In the report presented to the cross-party Commons Finance Committee, the authors suggested a complete refurbishment would cost an estimated £29.2 million, however, if the problems aren't fixed altogether, the cost could amount to £40 million.
Officials acknowledged that it could cost as little as £4.9 million "to prevent the clock from failing", but encouraged that if the issues are tackled now, the likelihood of it costing as much as £40 million would be reduced. A full £29m fix would see the clock stopped for four months, but could be longer if the situation is not sorted soon.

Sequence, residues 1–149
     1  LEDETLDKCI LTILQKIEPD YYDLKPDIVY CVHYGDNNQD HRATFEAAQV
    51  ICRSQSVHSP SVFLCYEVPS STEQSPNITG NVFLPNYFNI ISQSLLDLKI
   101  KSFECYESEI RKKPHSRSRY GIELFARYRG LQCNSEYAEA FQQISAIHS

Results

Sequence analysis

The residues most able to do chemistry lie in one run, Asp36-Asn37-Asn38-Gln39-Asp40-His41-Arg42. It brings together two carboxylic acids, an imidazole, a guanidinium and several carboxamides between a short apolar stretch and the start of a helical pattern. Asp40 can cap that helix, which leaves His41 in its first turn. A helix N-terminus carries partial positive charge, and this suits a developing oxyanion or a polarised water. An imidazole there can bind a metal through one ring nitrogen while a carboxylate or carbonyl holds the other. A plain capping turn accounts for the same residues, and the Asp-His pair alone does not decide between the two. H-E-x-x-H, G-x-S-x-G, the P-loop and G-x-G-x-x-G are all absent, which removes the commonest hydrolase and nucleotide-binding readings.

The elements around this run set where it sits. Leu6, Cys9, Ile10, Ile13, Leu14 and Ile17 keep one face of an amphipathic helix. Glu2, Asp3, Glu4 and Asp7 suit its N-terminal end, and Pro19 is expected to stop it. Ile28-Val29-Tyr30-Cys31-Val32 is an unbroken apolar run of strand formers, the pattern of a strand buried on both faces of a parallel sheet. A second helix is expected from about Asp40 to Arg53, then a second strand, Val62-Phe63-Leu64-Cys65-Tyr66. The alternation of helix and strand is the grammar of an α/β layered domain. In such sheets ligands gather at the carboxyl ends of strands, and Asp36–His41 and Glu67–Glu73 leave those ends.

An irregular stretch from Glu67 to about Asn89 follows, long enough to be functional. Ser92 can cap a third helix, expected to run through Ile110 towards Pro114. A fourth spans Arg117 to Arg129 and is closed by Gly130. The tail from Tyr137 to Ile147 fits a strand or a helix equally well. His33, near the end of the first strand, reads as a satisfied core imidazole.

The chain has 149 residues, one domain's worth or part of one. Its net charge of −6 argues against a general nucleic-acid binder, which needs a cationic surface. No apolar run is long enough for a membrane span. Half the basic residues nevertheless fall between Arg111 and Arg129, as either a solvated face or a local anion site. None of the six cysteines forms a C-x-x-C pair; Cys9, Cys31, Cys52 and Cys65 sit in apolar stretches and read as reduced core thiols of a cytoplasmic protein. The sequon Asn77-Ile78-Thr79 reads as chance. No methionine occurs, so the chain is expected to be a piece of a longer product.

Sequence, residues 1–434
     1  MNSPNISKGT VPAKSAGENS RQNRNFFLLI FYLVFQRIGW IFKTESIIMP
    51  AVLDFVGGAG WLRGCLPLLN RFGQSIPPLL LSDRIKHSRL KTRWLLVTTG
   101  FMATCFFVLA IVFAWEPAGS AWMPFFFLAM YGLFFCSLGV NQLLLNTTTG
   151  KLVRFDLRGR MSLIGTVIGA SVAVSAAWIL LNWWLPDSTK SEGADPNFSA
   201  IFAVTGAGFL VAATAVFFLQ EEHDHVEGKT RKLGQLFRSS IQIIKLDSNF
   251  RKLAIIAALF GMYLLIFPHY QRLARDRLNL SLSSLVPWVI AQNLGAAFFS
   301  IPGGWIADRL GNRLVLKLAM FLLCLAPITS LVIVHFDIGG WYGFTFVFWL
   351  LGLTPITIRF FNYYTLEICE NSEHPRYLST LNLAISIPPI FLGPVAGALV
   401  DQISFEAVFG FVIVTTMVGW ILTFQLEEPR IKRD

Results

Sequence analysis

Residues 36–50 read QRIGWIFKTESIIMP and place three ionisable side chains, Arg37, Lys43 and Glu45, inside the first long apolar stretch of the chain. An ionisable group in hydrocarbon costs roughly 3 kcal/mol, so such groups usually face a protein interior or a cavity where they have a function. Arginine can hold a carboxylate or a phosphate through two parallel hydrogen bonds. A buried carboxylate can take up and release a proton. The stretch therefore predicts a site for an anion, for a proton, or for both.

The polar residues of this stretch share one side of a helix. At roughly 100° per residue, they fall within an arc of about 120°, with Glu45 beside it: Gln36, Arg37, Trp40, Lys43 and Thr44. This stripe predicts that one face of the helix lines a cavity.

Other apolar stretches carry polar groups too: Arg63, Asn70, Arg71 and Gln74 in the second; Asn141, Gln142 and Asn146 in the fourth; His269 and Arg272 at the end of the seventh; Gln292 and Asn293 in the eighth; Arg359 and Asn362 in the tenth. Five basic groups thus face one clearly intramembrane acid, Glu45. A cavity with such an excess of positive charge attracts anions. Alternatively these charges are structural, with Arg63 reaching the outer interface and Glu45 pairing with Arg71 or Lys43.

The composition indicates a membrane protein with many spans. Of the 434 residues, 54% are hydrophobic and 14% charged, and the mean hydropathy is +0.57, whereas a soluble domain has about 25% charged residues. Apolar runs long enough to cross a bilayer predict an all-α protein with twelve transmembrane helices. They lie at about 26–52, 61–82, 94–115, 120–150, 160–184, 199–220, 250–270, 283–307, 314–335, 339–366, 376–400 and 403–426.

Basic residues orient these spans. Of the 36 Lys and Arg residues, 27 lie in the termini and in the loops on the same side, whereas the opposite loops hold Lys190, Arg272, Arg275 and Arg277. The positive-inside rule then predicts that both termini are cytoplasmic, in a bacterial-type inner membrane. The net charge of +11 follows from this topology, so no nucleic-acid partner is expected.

"There are major concerns that if this is not carried out within the next two to three years, the clock mechanism is at risk of failure with the huge risk of international reputational damage for Parliament."
"In the event of a clock-hand failure, it could take up to a year to repair due to the scaffolding needed," the report said.